Just Exercise: Strength Training May Help Preserve Brain Function In Seniors

By Gil Ross — Nov 01, 2015
It has long been known that aerobic/cardiovascular training confers benefits on mental functioning/brain health. A new study shows that resistance (weight) training also has brain benefits, although not as potent as aerobic training.

Brain MRI-Alzheimer'sA new study published in The Journal of the American Geriatrics Society lends support to the belief that there are benefits for brain health by engaging in resistance (weight) training and not just cardiovascular exercise, at least in older women.

The same research group had previously stated that aerobic, or cardiovascular, activity was more beneficial for some types of mild cognitive impairment, in terms of retaining mental function. Women in exercise groups improved almost equally on tests of spatial memory, but the women who walked briskly showed greater gains in verbal memory than the women who had lifted weights. From that, they hypothesized that endurance training and weight training may have different physiological effects within the brain and cause improvements in different types of memory.

The current study assessed a group of women aged 65-75 who were enrolled in the "Brain Power Study." Among 155 women living independently, there were 54 who had abnormalities in their brain's white matter (WMLs, white matter lesions) on MRI scans. WMLs are significantly associated with falls and with mild cognitive impairment, a risk factor for progression to Alzheimer's Disease.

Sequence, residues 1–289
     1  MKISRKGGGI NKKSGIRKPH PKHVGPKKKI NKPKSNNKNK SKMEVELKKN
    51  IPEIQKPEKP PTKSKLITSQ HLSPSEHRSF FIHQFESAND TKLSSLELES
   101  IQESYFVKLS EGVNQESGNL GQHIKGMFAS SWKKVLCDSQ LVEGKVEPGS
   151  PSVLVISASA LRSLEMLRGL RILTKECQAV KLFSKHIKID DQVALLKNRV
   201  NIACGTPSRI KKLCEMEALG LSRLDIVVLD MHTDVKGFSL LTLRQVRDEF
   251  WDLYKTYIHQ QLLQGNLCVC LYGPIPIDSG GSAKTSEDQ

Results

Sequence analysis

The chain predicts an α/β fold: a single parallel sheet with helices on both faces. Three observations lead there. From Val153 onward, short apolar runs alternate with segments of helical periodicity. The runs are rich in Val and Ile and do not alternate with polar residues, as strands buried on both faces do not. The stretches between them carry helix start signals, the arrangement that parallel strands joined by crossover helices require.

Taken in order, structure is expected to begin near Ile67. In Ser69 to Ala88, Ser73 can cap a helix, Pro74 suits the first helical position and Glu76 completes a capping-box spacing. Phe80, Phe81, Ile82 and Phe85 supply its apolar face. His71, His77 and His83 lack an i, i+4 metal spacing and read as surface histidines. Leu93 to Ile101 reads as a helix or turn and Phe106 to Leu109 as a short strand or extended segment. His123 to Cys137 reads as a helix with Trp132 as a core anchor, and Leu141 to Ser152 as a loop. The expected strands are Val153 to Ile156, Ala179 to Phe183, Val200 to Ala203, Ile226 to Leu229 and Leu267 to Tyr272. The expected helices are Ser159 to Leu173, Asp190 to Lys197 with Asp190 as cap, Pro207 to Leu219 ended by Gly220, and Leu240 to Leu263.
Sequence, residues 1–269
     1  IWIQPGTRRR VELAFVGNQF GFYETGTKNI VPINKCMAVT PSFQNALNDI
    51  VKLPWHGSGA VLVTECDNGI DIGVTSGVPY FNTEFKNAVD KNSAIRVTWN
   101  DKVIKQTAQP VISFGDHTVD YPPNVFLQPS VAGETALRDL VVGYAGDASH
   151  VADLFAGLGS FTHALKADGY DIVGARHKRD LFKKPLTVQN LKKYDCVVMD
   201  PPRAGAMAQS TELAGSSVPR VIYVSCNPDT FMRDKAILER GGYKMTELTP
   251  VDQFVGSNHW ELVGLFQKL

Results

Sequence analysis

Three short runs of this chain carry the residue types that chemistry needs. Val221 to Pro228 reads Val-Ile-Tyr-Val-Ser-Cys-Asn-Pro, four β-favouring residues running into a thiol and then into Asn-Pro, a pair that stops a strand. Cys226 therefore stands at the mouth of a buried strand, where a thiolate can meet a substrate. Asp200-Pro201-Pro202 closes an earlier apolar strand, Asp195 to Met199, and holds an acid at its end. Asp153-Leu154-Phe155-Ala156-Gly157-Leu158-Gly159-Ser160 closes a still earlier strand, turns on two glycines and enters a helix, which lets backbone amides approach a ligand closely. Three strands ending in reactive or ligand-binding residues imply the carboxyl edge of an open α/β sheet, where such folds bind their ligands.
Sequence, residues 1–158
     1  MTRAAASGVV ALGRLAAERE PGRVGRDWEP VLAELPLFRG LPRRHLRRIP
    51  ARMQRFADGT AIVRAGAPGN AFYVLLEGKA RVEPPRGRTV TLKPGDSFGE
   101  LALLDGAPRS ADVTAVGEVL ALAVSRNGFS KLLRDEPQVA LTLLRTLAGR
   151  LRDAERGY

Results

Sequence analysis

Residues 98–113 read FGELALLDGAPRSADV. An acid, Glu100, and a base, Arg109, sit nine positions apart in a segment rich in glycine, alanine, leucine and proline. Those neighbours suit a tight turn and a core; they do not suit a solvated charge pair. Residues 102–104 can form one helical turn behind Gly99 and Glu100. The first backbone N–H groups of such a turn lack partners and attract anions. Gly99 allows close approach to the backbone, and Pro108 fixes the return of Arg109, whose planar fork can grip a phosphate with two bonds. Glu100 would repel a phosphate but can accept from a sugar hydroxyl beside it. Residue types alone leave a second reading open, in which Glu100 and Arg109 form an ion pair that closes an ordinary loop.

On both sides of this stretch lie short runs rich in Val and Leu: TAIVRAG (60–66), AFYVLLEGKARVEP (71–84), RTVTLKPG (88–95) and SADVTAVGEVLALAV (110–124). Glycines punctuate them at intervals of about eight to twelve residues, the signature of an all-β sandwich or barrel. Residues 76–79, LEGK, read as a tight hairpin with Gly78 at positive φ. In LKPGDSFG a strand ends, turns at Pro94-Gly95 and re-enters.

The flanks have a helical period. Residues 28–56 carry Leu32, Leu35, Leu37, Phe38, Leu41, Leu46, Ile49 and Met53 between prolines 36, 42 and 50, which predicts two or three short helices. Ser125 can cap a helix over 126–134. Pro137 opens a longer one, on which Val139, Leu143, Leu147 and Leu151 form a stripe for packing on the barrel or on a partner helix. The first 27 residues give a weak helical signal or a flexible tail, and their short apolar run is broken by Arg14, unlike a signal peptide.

The subjects were randomly assigned to one of three groups: 1) once-weekly resistance training (RT); 2) twice-weekly RT; 3) balance and tone exercises (BAT). At the completion of the trial, at one year, the 2 RT groups had significantly lower WML volume than the BAT group. And, this decline in lesion volume was also associated with a maintenance of gait speed a surrogate measure for independence in activities of daily living but not in higher cerebral function ("executive function").

The reasons why RT may help slow WML progression are unknown, nor is it known if the same results will be seen in older men. But as senior author Dr. Teresa Liu-Ambrose told Gretchen Reynolds of the NYTimes, "Whatever the reason, exercise, including weight training, clearly has benefit for the brain. However we are just really now gaining an appreciation for how impactful exercise can be.

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